Anaïs Pouliot: Our cover shoot, interview, and behind the scenes video with the fresh Canadian model
Spring’s glistening skin and accentuated eyes pair with bold earrings for a lasting impression on our March cover star Anaïs Pouliot. Check out our stunning beauty shoot and read up on the brightest young homegrown thing.
On a freezing winter night, Anaïs Pouliot slips into a booth at the 24-hour diner in Toronto’s Thompson hotel. A sweet-faced 20-year-old francophone from a suburb north of Montreal, Pouliot’s almost spherical rosebud lips, freshly-poured-milk complexion and bright demeanour have made her a favourite of Stefano Pilati, Marc Jacobs and Jonathan Saunders. She sits perfectly upright and sips green tea, wearing a soft camel sweater from Club Monaco (“They have nice cashmere!”) and a sparkly headband. She has an 8 a.m. call time for her FASHION beauty shoot the next morning; she’s planning to get to bed by 10:30. She’s excited about this shoot for two reasons: Her mom regularly reads the magazine, and she loves all things makeup. “When it’s beauty shooting, I am the happiest girl,” she says.
It all began when, at 14, more into sports than fashion but already model-tall and -slender, Pouliot went with her parents to Folio agency in Montreal. She started to model part-time, moving to a school that could accommodate her hectic schedule. There, she was the only model among hockey, basketball and soccer pros-in-training, most of them boys. Unsurprisingly, she attracted a great deal of attention. “I knew that some people were talking to me because I was the model,” she says. “I can tell the difference.”
At 15, Pouliot made the rookie-model pilgrimage to Tokyo, then New York, where she encountered runway-casting honcho Russell Marsh at a Prada call. “I was so scared, and I didn’t know how to walk or present myself in a casting,” says Pouliot. “Russell kind of coached me, and he was like, ‘Oh, good. She listens, she understands fast.’” He didn’t hire her then, but he did book her four years later for Miu Miu Fall 2010, firing the starting gun to her career. For Spring 2012, she walked in 48 shows, including Balenciaga, Prada and Marc Jacobs’ dance hall–themed extravaganza, which was a source of stress. “It was choreographed, with all these chairs. When the light popped on you, you had to stand up,” she says. “During the rehearsal, I missed the light. I hesitated, and they were like, ‘Can you make this?’ My heart was beating like crazy. I was like, ‘If I miss this, my career is over.’” She made her mark.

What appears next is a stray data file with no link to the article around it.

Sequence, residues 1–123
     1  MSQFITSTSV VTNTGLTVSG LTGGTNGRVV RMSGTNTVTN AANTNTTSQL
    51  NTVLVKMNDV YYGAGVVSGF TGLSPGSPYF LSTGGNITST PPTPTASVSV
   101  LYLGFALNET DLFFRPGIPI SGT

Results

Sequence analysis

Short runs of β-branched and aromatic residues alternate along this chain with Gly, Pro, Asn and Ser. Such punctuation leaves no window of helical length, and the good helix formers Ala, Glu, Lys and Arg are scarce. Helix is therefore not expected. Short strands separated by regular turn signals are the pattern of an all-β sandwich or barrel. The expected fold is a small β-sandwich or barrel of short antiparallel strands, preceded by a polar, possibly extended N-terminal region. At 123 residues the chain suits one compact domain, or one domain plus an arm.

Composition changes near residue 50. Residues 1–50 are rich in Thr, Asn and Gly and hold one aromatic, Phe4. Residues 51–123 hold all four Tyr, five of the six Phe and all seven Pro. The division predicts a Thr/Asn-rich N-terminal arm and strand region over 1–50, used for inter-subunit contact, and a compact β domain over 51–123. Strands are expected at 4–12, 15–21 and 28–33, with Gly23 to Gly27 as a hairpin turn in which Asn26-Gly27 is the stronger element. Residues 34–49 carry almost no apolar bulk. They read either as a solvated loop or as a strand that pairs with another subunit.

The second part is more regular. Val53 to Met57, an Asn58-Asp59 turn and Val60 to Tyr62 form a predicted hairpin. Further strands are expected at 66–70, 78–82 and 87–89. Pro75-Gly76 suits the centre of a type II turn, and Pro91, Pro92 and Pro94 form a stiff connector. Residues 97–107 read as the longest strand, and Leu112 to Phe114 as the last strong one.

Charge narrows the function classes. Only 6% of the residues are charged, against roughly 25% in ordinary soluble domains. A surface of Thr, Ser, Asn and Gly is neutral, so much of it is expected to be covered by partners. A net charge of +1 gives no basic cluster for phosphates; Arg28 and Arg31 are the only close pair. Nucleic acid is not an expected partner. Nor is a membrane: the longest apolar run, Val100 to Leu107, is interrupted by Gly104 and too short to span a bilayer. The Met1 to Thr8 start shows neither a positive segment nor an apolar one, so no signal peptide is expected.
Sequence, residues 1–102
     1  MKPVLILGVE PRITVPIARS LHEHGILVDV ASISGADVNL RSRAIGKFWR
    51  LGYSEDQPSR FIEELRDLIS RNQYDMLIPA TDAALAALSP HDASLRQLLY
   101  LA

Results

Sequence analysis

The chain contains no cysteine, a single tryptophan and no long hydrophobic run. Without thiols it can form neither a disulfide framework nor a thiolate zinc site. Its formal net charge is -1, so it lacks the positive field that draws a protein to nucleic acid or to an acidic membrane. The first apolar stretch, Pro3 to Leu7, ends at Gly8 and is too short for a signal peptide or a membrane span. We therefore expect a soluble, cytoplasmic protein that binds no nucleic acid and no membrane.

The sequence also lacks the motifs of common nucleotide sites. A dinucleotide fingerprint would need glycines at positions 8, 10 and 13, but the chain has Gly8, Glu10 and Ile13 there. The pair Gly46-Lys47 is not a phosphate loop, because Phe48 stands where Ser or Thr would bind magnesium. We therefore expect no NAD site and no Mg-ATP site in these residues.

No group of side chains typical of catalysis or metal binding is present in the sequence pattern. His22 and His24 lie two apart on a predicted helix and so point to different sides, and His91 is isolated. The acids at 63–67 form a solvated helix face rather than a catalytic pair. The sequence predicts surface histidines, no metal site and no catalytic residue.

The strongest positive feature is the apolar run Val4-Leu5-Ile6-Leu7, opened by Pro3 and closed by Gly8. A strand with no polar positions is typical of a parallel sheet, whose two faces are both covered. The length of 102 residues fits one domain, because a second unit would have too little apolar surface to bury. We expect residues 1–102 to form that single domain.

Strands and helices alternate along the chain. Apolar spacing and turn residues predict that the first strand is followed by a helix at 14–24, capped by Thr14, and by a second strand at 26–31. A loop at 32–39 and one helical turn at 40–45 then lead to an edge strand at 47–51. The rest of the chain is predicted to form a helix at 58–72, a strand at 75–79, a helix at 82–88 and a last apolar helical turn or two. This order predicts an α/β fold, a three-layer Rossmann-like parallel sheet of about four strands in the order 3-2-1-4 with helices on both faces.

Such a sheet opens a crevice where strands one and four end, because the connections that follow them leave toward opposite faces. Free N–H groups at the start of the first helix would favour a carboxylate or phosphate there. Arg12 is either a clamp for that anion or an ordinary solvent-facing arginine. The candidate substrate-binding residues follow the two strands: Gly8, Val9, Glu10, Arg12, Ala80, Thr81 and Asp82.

Four straight weeks of runway shows as an in-demand model is no picnic, but it has its advantages. As Pouliot puts it: “A girl who is doing no shows cannot do campaigns.” In 2011, she scored lucrative ones for Louis Vuitton, Topshop Makeup and Sonia by Sonia Rykiel; coming soon, she says, is an Yves Saint Laurent beauty campaign and one for Aldo, plus four U.S. Vogue editorials. She also made a saucy little splash last December in a video for Love Magazine’s online Advent calendar, prancing about scantily clad between red velvet curtains and lip-synching the words to a French Christmas song. “I wasn’t supposed to do that!” says Pouliot. Stylist and Love editor Katie Grand cornered her with the request to take part in this extra project when they were on set together at a Louis Vuitton resort shoot; she gamely agreed and they filmed it then and there.
There are several Canadian models on the runway circuit, but most of Pouliot’s friends are from farther afield, among them Daphne Groeneveld from Holland, American Hailey Clauson, and Fei Fei Sun and Xiao Wen Ju from China. They meet up in New York and go to restaurants or do karaoke, though it’s all pretty low-key, as Pouliot isn’t yet of U.S. drinking age. “When I say we go for a drink, I mean go for a tea,” she says, laughing. “Or go for a hookah.” As in fruit-flavoured tobacco? “Yeah. Last time I tried ‘cosmopolitan’ [flavour], but I don’t think there was alcohol in it. Just the taste.”
Although she turns 21 in July, it’s a pretty safe bet that Pouliot won’t be morphing into a Naomi-esque club-hopping diva anytime soon. “I get that comment all the time: ‘Stay who you are, stay down to earth,’” she says. “People like it.”